Opportunities for student success at Seton Hall are getting a significant boost thanks to a $1.5 million grant from the State of New Jersey through its Opportunity Meets Innovation (OMI) Challenge Grants program.
On July 12, Governor Phil Murphy and Secretary of Higher Education Brian Bridges, Ph.D., released the list of 35 schools receiving the almost $30 million in federal funds distributed through the OMI program. With this funding, awardee institutions will implement an array of best practices that foster student success, the attainment of degrees and provide model higher education improvements.
Based on the size of its student population, Seton Hall was invited to apply for up to $1.5 million in any of five distinct categories. The University submitted two projects: a First-Generation Forward initiative in the “Fostering Student Success” category and a Cultivating Research, Innovation and Talent at Seton Hall University initiative in the “Cultivating Research, Innovation and Talent” category.
Through its First-Generation Forward initiative, Seton Hall will expand academic support to first generation, Pell-eligible students through a systematic, interactive, comprehensive and multi-interventional plan that assesses student needs, monitors academic performance and provides increased and focused tutoring, advising, mentoring, supplemental instruction, and financial support. The project will complement the University’s existing, highly successful New Jersey Educational Opportunity Program (EOP) in addition to established programming delivered through Upward Bound and Student Support Services.
“This project will include academic support elements found in EOP and will expand access to additional assistance for all first-generation, Pell-eligible students who are not currently being served,” said Monica Burnette, Ph.D., interim vice president of student services, who drafted the First-Generation Forward proposal. “Expanded academic support; coordinated, proactive advising and mentoring; tutoring; and data analysis will provide a sustainable model by expanding a framework of student success.”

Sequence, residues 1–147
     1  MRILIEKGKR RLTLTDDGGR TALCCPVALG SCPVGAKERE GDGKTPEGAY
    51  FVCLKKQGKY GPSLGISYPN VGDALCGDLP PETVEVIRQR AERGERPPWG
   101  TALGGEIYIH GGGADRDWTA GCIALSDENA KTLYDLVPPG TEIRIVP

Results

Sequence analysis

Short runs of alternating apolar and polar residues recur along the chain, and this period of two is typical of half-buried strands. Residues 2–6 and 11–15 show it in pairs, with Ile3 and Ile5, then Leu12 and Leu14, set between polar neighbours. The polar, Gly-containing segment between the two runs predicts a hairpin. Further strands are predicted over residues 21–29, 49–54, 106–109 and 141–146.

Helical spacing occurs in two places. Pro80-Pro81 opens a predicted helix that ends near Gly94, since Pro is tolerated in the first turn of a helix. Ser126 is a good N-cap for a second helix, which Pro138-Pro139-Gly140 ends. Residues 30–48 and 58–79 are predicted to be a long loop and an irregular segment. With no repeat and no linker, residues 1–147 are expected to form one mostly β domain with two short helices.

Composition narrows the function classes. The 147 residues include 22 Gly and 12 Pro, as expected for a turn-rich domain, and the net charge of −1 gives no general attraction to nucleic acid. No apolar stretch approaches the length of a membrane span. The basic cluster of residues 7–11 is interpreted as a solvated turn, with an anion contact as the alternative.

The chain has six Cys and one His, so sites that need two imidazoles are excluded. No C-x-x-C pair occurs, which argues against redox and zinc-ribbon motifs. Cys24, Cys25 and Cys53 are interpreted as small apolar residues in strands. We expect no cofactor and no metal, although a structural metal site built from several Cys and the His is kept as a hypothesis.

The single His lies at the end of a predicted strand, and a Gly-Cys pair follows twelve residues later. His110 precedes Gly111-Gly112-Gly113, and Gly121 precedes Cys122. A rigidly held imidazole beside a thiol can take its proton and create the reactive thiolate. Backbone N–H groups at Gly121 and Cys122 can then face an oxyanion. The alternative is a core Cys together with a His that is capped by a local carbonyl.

The Cultivating Research, Innovation and Talent at Seton Hall University initiative will provide critical funding to stimulate student-research engagement with faculty mentors over the next two years as the University navigates the COVID-19 and post-pandemic landscape. The project will create interdisciplinary and collaborative research opportunities among faculty and students from different academic disciplines in alignment with specific goals laid out in Seton Hall’s new strategic plan seeking to cultivate interdisciplinarity in research and create a premier student experience.
This project will provide structure as well as designated supports and resources to increase the number of students participating in faculty mentored research, said Michael LaFountaine, Ed.D., director of the Office of Grants and Research Services and the author of this proposal. “The mixed composition of academic disciplines and faculty appointments is expected to enhance student experiential learning and research opportunities. It will expose students to expertise and resources they might not otherwise get in a conventional mentor-pupil interaction in a research environment that is siloed.”
These two newly funded projects align closely with the State Plan for Higher Education and they mitigate the pandemic’s impact on students. Importantly, they also reflect aspirations in the University’s “Harvest Our Treasures” strategic plan, which calls for a student experience that is “equitable and consistent” and “enhances student support and retention.” Seton Hall’s strategic plan also identifies interdisciplinary research as a priority, calling for the “formation of innovative partnerships and collaborations both internally and externally, enhanced access for all students to these programs and vital advising mechanisms that enrich academic outcomes and professional lives.”
Seton Hall’s president, Joseph Nyre, Ph.D., underscored the University’s longstanding commitment to underserved students and to research. “Since 1856, Seton Hall has welcomed students seeking higher education, regardless of socioeconomic status,” he said. “This has been marked by its outreach and support of first-generation students, many of whom come from families of modest means.
“In addition, through the pandemic we have seen the need for an interdisciplinary approach to finding solutions to existing issues. “Seton Hall excels in these areas, so this funding will strengthen our historic commitment to our students through innovative programs that seek to sustain and retain them, so they may flourish.”